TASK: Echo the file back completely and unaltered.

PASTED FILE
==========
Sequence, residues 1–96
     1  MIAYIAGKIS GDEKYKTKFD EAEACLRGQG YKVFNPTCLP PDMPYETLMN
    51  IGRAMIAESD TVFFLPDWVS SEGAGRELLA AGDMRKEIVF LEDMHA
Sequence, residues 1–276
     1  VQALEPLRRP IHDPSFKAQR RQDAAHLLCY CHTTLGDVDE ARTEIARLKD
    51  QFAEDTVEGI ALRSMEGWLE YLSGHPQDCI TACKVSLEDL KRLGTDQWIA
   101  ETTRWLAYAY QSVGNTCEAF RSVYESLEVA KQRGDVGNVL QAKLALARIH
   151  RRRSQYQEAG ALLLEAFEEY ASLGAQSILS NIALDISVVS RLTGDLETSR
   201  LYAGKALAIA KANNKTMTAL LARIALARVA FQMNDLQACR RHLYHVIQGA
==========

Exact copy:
Sequence, residues 1–96
     1  MIAYIAGKIS GDEKYKTKFD EAEACLRGQG YKVFNPTCLP PDMPYETLMN
    51  IGRAMIAESD TVFFLPDWVS SEGAGRELLA AGDMRKEIVF LEDMHA
Sequence, residues 1–276
     1  VQALEPLRRP IHDPSFKAQR RQDAAHLLCY CHTTLGDVDE ARTEIARLKD
    51  QFAEDTVEGI ALRSMEGWLE YLSGHPQDCI TACKVSLEDL KRLGTDQWIA
   101  ETTRWLAYAY QSVGNTCEAF RSVYESLEVA KQRGDVGNVL QAKLALARIH
   151  RRRSQYQEAG ALLLEAFEEY ASLGAQSILS NIALDISVVS RLTGDLETSR
   201  LYAGKALAIA KANNKTMTAL LARIALARVA FQMNDLQACR RHLYHVIQGA